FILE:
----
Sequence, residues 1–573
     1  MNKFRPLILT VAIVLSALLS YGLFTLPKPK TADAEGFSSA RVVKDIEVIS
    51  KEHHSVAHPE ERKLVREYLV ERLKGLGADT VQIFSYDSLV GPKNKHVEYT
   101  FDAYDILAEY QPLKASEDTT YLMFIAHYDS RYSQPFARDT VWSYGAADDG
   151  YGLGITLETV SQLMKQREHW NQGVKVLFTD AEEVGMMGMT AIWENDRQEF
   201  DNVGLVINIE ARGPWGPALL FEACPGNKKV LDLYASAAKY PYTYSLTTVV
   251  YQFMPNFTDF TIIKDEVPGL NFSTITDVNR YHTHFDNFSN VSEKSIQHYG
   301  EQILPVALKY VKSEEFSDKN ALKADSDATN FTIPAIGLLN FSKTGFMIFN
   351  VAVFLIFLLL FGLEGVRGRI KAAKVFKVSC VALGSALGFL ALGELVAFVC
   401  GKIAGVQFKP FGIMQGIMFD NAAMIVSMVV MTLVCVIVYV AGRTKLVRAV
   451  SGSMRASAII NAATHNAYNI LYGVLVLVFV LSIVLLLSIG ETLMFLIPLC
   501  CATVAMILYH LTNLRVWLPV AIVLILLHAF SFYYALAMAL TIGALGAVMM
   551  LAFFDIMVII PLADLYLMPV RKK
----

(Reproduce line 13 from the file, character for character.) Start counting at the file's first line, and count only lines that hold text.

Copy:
   551  LAFFDIMVII PLADLYLMPV RKK